- How does RRI relate to past and present grassroots experiments in ‘social innovation,’ ‘citizen science,’ and related movements that are now gaining traction with policymakers, scientists, and others in Europe and elsewhere?
- How has RRI been viewed and taken up in industrial contexts? How can new constellations of actors and institutions respond to calls for increased alignment of products and processes with societal needs and values?
- How has ‘responsibility’ been imagined, achieved or apportioned in RRI thinking and practice, particularly in relation to ‘innovation’? How has this relationship developed – and what can we learn from this? Can the EC’s six keys (ethics, gender equality, public engagement, etc.) be reconciled with other understandings of responsibility and RRI?
- To what extent does the RRI experiment provide an adequate response to the grand societal challenges that face us today, such as: sustainable development, climate change, infectious diseases, social welfare, poverty and inequality, aging, big data? Has RRI helped to place these challenges more firmly on policy and research agendas, particularly in a period of major global disruption and uncertainty caused by the COVID-19 pandemic?
- What can be learned from numerous real-world experiments with RRI, including in non-European contexts (e.g., the Global South) and domains that do not usually fall under its remit (e.g., incumbent sciences and technologies)?
- What remains to be learned, retained, reclaimed, forgotten, or reinvented?
With these and related questions, we seek to develop insights and formulate agendas that will inform future iterations and manifestations of responsible innovation, whether or not explicitly associated with the specific notion of RRI. We encourage potential contributors to base any proposed new definitions, frameworks, or visions in empirical analysis or in the larger scholarly literature and in particular policy and historical research, reflexive analyses, and policy experiences and cycles. Authors are further encouraged to take into account Owen and Pansera’s (2019) distinction between RRI as a policy approach and Responsible Innovation more broadly as an intellectual and scholarly set of visions and practices. Explorations of potential and alternative RRI futures should thus be based on a solid grounding in empirics or the literature, with a view towards answering difficult but timely questions about the lessons that can be learned from the RRI experiment.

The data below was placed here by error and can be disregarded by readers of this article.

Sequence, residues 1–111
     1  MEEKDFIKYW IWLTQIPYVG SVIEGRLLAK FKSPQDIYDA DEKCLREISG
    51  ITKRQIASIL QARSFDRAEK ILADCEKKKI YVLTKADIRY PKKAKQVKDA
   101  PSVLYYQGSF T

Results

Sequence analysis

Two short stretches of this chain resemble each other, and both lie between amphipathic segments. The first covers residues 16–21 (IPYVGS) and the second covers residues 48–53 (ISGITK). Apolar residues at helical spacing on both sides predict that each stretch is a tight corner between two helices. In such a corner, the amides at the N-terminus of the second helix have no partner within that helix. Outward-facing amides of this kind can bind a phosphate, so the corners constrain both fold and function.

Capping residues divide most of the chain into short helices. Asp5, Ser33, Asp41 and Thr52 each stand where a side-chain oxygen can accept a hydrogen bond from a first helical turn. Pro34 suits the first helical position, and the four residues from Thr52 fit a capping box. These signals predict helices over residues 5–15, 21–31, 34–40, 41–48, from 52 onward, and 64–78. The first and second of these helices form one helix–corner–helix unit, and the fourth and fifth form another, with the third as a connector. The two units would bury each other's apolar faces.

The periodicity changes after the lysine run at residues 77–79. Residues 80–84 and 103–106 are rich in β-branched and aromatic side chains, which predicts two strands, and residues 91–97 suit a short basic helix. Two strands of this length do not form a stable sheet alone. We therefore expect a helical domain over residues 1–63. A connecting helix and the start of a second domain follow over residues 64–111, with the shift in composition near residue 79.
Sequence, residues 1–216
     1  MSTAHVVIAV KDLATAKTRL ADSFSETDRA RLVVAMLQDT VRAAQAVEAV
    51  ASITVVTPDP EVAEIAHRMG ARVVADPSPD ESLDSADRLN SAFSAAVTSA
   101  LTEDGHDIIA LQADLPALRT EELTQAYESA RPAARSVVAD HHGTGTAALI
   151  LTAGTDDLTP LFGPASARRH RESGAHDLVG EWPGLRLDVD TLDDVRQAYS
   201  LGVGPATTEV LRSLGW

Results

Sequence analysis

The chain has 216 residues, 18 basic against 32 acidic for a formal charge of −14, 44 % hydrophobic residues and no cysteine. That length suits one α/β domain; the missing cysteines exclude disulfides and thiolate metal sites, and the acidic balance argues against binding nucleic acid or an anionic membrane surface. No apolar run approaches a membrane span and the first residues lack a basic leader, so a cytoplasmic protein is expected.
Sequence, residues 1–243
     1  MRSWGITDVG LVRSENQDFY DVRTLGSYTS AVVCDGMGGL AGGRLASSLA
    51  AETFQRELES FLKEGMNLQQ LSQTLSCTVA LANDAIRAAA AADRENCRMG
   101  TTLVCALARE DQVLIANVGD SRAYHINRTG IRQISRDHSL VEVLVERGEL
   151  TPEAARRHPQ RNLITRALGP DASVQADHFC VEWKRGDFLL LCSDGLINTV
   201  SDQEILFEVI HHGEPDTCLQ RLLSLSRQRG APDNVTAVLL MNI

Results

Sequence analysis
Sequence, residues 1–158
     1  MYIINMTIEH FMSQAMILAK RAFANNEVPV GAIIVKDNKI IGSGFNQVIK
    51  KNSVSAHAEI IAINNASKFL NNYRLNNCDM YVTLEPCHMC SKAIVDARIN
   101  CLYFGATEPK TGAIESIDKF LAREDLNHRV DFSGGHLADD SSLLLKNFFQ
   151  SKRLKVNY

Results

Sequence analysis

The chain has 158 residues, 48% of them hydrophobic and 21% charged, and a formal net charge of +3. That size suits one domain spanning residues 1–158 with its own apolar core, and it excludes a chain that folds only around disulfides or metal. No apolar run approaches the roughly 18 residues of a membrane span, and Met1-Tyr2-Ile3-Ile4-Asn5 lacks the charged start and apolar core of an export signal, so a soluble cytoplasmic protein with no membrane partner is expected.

Fisher, E. 2020. “Reinventing responsible innovation.” Journal of Responsible Innovation 7(1), 1-5. https://doi.org/10.1080/23299460.2020.1712537
Owen, R. & Pansera, M. 2019, Responsible Innovation and Responsible Research and Innovation. In D. Simon, S. Kuhlmann, J. Stamm & W. Canzler (eds), Handbook on Science and Public Policy. Edward Elgar Publishing, pp. 26-48. https://doi.org/10.4337/9781784715946
Looking to Publish your Research?
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Extended abstracts of no more than 1,000 words should be emailed to JRI Guest Editors Michiel Van Oudheusden and Clare Shelley-Egan by June 19th. Authors will be notified as to whether their abstract was accepted or not by July 10th.
Invited manuscripts should then be submitted through the JRI website by September 18th to undergo standard double-blind peer review. We aim for publication in late 2020.